My colleague wants to perform binomial logistic regression with data that include:

  • binomial (T/F) response variable

  • 35 different Likert-scale (1-5) predictor variables to choose between.

  • N = 300

They are trying to do the analyses in R.

At first I considered suggesting glm as follows:

glm(Y ~ X1 + X2 ..., data = dataset.name, family = binomial)

However, I don't think it's appropriate to treat the likert-scale predictors as continuous or as categorical data using factor(). These predictors are truly ordinal data.

Although a number of R packages exist that can fit one or more types of ordinal regression models, the most comprehensive among these seems to be the VGAM package.

However, I'm not sure how to incorporate a binomial response in a VGAM model.

Perhaps this isn't possible? Perhaps another package would be better?


What would be the appropriate way to perform a binomial logistic regression in R incorporating ordinal-scale predictor variables?


1 Answer 1


Ordinal regression is for ordinal responses, so you do not need such models. You can use logistic regression, the question is how to represent the ordinal predictors. That depends also on information you did not give us, such as number of observations (logistic regression tends to be rather data-hungry, see Minimum number of observations for logistic regression?.)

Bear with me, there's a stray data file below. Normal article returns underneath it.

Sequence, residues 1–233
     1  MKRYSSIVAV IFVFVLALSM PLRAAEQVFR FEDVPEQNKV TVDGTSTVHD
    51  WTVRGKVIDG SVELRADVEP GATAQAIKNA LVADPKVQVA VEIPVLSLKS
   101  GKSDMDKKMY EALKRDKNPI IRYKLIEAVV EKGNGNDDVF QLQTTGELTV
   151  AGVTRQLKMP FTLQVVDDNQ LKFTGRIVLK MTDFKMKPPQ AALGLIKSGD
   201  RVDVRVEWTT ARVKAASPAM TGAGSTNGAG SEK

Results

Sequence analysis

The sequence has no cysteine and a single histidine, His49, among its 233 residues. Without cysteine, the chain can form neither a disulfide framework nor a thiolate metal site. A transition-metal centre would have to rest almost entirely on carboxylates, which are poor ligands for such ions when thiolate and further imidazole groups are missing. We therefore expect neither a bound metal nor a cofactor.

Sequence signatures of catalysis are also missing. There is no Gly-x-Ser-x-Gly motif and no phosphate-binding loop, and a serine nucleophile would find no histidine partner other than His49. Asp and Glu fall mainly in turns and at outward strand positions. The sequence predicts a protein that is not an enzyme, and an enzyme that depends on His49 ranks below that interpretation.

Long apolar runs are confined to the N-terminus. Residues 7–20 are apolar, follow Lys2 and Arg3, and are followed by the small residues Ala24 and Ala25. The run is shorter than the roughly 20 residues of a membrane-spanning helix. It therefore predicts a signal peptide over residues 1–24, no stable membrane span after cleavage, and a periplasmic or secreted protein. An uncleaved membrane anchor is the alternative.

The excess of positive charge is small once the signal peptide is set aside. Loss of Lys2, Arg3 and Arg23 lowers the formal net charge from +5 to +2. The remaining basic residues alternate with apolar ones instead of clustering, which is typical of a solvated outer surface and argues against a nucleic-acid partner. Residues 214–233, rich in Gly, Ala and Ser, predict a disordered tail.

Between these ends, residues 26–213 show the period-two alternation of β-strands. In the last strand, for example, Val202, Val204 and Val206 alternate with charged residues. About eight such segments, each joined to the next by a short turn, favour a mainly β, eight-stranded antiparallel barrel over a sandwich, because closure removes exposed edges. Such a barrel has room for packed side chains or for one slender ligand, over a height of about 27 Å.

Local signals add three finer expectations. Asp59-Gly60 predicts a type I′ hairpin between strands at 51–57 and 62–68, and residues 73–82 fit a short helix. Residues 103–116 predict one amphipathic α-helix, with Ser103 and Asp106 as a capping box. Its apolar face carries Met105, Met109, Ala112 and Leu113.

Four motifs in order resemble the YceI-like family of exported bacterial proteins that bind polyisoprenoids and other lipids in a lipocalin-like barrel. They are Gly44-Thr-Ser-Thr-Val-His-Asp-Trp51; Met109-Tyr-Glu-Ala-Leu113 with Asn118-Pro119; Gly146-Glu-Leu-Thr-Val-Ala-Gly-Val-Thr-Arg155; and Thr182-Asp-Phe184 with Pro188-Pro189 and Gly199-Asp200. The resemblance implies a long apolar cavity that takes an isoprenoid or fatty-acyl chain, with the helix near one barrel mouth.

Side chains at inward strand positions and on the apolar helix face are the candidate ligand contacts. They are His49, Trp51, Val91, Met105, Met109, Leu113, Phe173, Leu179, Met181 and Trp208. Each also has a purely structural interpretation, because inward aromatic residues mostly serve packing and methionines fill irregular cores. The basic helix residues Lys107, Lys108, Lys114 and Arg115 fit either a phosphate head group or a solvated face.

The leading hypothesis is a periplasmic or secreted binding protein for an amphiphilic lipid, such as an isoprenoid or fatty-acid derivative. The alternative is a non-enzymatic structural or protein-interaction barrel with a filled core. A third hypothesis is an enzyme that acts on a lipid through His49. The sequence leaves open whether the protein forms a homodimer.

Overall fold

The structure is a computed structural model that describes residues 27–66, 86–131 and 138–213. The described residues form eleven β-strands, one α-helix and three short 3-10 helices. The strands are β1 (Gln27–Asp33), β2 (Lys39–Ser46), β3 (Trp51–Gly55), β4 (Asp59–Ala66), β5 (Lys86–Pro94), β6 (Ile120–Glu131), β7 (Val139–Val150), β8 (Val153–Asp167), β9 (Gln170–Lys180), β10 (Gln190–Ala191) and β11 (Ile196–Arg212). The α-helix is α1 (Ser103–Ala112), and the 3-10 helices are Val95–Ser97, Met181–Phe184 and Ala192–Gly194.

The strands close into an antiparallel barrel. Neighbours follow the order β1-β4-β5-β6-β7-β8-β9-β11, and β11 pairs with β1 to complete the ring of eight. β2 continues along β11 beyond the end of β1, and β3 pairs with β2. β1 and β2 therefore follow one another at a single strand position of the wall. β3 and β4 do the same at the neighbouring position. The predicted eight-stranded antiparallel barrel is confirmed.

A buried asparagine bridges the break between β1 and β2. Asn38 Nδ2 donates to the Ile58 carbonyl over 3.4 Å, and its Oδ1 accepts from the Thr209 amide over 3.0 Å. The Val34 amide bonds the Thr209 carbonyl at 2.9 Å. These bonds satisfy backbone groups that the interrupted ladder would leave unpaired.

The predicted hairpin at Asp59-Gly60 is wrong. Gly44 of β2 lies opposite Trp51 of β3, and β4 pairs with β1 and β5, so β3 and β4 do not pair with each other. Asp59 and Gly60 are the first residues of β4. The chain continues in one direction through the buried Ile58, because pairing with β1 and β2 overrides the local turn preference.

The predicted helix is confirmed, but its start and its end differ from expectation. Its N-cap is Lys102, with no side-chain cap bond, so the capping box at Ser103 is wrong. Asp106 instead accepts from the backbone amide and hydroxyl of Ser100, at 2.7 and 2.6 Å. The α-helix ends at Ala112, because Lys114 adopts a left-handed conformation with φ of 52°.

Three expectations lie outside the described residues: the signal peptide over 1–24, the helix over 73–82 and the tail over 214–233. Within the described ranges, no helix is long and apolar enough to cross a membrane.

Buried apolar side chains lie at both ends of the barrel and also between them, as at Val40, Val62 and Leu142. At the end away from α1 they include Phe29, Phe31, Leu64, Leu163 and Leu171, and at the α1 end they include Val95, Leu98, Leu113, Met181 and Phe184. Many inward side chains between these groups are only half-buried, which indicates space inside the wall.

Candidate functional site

In R you can represent the likert variables as ordered factors, that way they will be represented as orthogonal polynomials. But that will use four df for each variables, which is probably to much. As an alternative you can represent them as numeric variables, but use maybe quadratic polys to represent them. That way you get some indication of nonlinearity. Another viewpoint is here: Likert scaled covariates and binary logistic regression

  • 1
    $\begingroup$ Thanks for the answer. I'm still working through it. FYI, I've updated my original post to include sample size: 300. I'm not sure if that impacts your answer to any degree. Thanks! $\endgroup$ Apr 16, 2019 at 15:21

Your Answer

By clicking “Post Your Answer”, you agree to our terms of service and acknowledge that you have read and understand our privacy policy and code of conduct.

Not the answer you're looking for? Browse other questions tagged or ask your own question.